Franklin, however, had an entrepreneurial spirit to him—he was competing with Coca-Cola at the time. It just turned out that his drink was called “Tick Tock Ginger Ale,” making it a good fit with anything time-related. Before the early ’30s, this mostly meant advertising near large outdoor clocks.
But Audichron was a different beast entirely. And the success with the model ensured he would quickly leave the ginger ale behind. As author Sonny Kleinfeld explained in his 1981 book The Biggest Company on Earth : A Profile of AT&T, Franklin shrewdly used his machines for telling time as advertising fodder for all kinds of companies—including a former rival:
Initially, Franklin rented his time machines to local businesses. They would order additional phone lines from the phone company, hook up the time machines to them, and then devise promotional campaigns tied to the Time of Day. One of Franklin’s first clients was the Coca-Cola Company. The machines were an immediate hit, and Franklin had no trouble wooing an avalanche of customers. People called in swarms. It seemed that nobody knew what time it was. Seeing all this action, the phone company shrewdly mentioned to Franklin that, by the way, it would be very happy to buy his machines and install them in its central offices.
Nope, nope, nope, Franklin said. He wasn’t about to sell any of his time machines. He knew they were gold mines.
Those gold mines eventually led straight through to Jane Barbe, Pat Fleet, and numerous other voice actors that defined the modern telephone era.
By the 1970s, the company had expanded its reach by offering numerous services in a dial-up format, from weather to stocks. But the buzz wouldn’t last.
Five unusual phone numbers that you probably haven’t called before
Editor’s note: As I said in the last article, please don’t be idiots with these numbers … and keep in mind that numbers sometimes stop working.
- (909) 390-0003: If you dial this number and say hello, the phone will say hello back. This number is designed as an “echo number,” and is a good way to test the clarity of your VOIP calls.
- (202) 965-9970: “You have just deactivated this feature.” What feature have you deactivated? Beats me.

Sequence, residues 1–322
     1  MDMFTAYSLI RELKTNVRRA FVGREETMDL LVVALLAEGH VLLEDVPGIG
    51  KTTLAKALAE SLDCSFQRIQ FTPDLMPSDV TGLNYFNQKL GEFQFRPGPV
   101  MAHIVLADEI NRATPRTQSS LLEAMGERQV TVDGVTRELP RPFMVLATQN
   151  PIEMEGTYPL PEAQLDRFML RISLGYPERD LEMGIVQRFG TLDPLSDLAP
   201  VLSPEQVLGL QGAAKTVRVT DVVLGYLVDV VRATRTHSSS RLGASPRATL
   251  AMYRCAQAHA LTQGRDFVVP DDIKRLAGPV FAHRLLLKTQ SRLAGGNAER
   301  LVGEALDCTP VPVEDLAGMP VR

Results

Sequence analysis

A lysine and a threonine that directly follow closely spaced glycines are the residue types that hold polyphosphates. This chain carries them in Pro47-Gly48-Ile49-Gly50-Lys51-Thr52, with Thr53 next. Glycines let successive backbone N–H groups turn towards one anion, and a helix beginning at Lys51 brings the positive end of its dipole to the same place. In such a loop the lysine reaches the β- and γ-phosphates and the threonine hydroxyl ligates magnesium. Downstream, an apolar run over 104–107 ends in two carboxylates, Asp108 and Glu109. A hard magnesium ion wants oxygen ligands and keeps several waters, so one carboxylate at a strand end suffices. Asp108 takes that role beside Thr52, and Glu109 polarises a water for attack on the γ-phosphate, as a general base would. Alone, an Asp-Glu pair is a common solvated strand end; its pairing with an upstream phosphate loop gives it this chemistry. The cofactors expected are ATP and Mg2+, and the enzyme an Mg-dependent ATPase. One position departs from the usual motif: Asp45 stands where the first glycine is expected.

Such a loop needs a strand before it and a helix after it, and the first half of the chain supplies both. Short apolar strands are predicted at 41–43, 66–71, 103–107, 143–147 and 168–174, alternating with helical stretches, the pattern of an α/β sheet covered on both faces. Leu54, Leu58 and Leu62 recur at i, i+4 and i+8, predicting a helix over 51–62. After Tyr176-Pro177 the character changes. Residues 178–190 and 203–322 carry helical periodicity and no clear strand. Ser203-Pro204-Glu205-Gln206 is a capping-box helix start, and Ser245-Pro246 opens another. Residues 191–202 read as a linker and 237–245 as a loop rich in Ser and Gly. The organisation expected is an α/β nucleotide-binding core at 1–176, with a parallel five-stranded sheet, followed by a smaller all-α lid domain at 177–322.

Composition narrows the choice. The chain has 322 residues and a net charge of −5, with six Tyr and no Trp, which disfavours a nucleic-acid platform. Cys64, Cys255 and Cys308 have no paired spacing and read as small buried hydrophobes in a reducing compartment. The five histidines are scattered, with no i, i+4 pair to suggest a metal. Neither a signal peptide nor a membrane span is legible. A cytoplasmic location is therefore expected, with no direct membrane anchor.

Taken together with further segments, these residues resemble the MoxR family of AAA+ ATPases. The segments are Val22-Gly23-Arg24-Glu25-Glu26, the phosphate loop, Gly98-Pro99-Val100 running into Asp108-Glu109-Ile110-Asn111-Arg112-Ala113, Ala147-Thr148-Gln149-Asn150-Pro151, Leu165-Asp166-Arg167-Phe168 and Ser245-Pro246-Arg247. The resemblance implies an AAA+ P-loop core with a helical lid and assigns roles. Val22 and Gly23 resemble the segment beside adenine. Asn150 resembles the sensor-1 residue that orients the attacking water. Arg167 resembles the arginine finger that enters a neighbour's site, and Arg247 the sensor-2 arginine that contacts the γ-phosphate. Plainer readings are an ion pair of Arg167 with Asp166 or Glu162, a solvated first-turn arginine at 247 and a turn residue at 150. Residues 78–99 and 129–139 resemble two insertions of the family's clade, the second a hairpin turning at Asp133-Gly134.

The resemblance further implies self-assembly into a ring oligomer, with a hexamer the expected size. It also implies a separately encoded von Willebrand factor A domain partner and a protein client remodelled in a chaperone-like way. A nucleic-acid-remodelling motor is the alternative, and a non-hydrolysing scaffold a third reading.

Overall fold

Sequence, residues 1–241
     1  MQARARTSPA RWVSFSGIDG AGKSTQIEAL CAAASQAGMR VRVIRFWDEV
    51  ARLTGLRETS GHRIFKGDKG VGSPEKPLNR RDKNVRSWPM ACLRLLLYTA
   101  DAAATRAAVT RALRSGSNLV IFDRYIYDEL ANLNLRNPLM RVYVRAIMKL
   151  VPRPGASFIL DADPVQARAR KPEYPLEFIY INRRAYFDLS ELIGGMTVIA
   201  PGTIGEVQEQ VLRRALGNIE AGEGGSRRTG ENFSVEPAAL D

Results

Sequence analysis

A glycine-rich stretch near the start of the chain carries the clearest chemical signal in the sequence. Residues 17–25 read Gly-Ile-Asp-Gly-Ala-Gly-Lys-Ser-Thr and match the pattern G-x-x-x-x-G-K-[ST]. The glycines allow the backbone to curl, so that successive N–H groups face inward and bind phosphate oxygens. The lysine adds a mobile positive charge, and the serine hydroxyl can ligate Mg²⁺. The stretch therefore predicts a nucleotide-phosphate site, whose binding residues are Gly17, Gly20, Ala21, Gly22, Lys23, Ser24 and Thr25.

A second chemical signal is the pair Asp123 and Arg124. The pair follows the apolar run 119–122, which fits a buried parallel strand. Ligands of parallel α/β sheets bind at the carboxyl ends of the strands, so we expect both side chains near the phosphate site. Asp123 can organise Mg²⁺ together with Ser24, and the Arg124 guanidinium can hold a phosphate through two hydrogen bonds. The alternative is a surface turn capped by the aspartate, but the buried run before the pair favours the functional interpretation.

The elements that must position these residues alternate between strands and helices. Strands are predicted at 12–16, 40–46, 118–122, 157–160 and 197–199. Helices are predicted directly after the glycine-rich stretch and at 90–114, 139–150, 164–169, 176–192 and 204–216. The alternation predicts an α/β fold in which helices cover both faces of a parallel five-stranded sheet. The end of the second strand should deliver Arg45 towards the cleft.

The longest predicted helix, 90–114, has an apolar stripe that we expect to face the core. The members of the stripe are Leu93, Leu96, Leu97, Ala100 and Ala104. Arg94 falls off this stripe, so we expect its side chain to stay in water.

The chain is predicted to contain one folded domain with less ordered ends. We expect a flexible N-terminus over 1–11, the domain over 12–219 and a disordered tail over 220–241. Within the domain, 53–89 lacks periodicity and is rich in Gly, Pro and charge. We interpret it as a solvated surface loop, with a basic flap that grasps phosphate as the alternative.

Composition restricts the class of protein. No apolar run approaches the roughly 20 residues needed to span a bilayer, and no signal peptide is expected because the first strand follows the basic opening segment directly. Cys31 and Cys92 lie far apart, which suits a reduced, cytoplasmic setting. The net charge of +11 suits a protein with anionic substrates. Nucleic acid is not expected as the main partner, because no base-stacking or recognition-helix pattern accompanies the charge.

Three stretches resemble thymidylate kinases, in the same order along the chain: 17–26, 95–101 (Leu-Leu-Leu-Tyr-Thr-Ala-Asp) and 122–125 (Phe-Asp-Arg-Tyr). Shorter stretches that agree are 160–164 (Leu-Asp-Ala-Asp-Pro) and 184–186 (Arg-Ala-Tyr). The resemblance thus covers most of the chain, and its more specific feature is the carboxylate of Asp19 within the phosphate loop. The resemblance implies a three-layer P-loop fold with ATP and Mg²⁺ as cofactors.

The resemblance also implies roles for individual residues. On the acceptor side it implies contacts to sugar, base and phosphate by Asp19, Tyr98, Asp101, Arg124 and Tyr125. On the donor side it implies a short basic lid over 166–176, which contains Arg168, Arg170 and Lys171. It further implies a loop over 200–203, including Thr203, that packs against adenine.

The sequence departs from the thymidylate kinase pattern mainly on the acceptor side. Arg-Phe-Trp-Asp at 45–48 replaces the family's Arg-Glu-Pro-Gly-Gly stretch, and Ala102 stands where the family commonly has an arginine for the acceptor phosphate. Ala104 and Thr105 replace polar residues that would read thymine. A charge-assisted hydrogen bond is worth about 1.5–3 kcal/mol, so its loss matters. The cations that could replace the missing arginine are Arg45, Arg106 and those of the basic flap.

- (718) 238-9901: This is a standard verification code number, commonly used in the phone industry, but this Brooklyn-based number comes with an interesting twist—the guy in the message is talking in an Elvis voice. Thankyouverymuch.
- (509) 248-0036: “Your call has been completed. However, the party you are calling is not receiving calls at this time.” This would be the world’s most diplomatic voicemail intro to have after you’ve broken up with someone.
- (212) 255-9901: “Thank you for calling Amalgamated Bank. Due to Year 2000 testing and system maintenance, the system will be unavailable from 5 p.m. to 9 p.m.” Should I tell them, or do you want to?
The website that quietly brings goofy faxes to the web
You have to wonder if the website FaxToy.net—a rudimentary online outpost that effectively displays anything that’s faxed to the numbers 1-855-330-1239 or 1-213-294-2943—should be a barren wasteland, an unused part of the internet that reflects an earlier era. It’s reminiscent of some of the earliest attempts at of internet memedom, having much in common with Hampster Dance or one of Jonah Peretti’s early online experiments. Since the content is user-generated, it also feels a bit like PostSecret.
It doesn’t look like the kind of website people should be thinking about at all. (It rarely gets social media shares of any kind.) But when I loaded up FaxToy.net this morning, something surprising hit me in the face: A meme about a news story that happened literally today.
So how the heck did this happen? Turns out that this is the project of a guy named Kevin Savetz, a guy who has been interested in the concept of combining the internet with faxing since 1993.
“My thing with faxes started in 1993 or on Usenet,” Savetz explained in an email. “I maintained the alt.internet.services FAQ list. A few people asked how to send faxes from e-mail, so I had a Q&A about that in the document. Eventually I pulled that out into its own FAQ file called ‘FAQ: How can I send a fax from the Internet?’”